Ard Na Grainde and Glenkeen in Randalstown received a rating of one, meaning major improvements were needed.
Butter was placed next to raw meat in Glenkeen, while Ard Na Grainde was told to move food out of a room in which its pet dog is kept.
A re-inspection of Glenkeen has since resulted in a rating of four.
Ard Na Grainde said another inspection was set to take place in the near future.
Premises serving food are inspected by environmental health officers from councils across Northern Ireland and are legally obliged to publicly display the rating, with the scores also published online by the FSA.
Rankings are numbered from zero – meaning urgent improvement is needed – to five, the highest rating.
Just 60 out of more than 16,000 eateries across Northern Ireland currently have a rating of one.
None currently have the lowest ranking of zero.
Environmental health teams from Antrim and Newtownabbey Borough Council visited Ard Na Grainde in March and Glenkeen in April.
The assessment of Ard Na Grainde, on Randalstown’s Moneyrod Road, reported “areas of non-compliance in relation to provision for E-coli” which the environmental health team stated had already been raised at a previous inspection in August 2016.
Inspectors said it was unclear whether the dishwasher was in good working order, while raw steak mince was stored next to ready-to-eat butter and yoghurt in the fridge.
The report said that it was “apparent that cloths used for cleaning were not disposable”, while chopping boards in the main kitchen had deteriorated to such an extent that they could “no longer be thoroughly cleaned/disinfected”.
Medication for patients was arranged and sorted on top of a freezer in the main kitchen, with inspectors stating that this activity should be moved away from food preparation and storage areas.Ard Na Grainde was also asked to urgently review arrangements for its pet dog, which “resides in the utility room just off the kitchen” where food is stored.
The inspection noted: “Foodstuffs such as vegetables and potatoes, a bucket of pre-packed popcorn and tea towels/aprons were stored in this room.”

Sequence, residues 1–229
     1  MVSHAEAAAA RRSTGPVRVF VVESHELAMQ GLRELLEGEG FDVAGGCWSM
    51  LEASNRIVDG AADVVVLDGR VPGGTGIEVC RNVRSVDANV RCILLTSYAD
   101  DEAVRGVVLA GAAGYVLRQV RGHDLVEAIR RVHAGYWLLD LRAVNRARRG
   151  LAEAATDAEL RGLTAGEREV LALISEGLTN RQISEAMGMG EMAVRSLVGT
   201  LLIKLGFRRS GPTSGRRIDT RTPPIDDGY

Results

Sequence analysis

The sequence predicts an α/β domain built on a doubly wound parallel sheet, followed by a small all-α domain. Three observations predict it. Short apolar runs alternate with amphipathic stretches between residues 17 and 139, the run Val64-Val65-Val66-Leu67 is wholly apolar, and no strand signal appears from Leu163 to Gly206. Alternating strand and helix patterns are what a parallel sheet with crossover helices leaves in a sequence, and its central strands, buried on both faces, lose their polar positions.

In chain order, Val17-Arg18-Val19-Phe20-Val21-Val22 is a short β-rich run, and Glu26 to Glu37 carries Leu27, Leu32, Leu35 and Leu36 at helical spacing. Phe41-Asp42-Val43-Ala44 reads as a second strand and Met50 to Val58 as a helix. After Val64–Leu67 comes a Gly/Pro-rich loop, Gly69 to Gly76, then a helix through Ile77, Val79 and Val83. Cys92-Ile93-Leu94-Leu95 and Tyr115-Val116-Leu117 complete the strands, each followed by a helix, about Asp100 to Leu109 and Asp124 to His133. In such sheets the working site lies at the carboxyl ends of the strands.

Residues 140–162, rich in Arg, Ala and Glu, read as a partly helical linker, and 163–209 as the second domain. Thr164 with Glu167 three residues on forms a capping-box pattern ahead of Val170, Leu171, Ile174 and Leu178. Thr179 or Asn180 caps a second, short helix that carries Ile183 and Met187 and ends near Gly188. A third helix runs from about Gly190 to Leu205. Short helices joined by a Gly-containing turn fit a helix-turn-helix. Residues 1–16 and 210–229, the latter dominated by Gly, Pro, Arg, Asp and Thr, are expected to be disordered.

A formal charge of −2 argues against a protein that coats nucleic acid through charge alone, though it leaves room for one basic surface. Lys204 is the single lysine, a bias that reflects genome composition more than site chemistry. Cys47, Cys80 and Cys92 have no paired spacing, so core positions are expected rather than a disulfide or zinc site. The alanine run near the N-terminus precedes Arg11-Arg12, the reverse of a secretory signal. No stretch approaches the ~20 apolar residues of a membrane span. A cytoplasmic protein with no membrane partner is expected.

No stock control system was in operation on the premises, with the care home urged to “introduce a system of date coding to ensure stock is rotated and used on a first in/first out basis” and also complete its’ own “in-house pest control checks”.
At Glenkeen, on Church Road, several issues were raised including areas of non-compliance concerning contamination and E-coli, with raw and ready to eat food stored together in one of the fridges.
Inspectors observed “pound coins set in the ready-to-eat bench” and mayonnaise and butter on the “bottom shelf beside raw meat”.A yoghurt, which was ready to eat, had also been placed in the raw food section, while knives used for both food preparation and eating were mixed together.
The room used for vegetable preparation was assessed as “dirty”, with the home urged to thoroughly clean the floor, while the ceiling was damp and mouldy, making the room “not suitable for use”.
Both Glenkeen and Ard Na Grainde were warned about the preparation methods for onions, which can be a source of E-coli.
Hutchinson Care Homes, which operates several nursing homes across County Antrim including Glenkeen, said the one rating came as a shock and it was the first time any of their homes had been awarded such a low grade.
Naomi Carey said every procedure had been re-examined.
“We took it very seriously,” she said. “We implemented a review, gathered all the staff together and set about re-training them.”
A spokeswoman for Ard Na Grainde said the care home had previously been awarded the top rating of five and had not appealed against the rating of one.
All recommendations made after March’s inspection had been implemented, she added.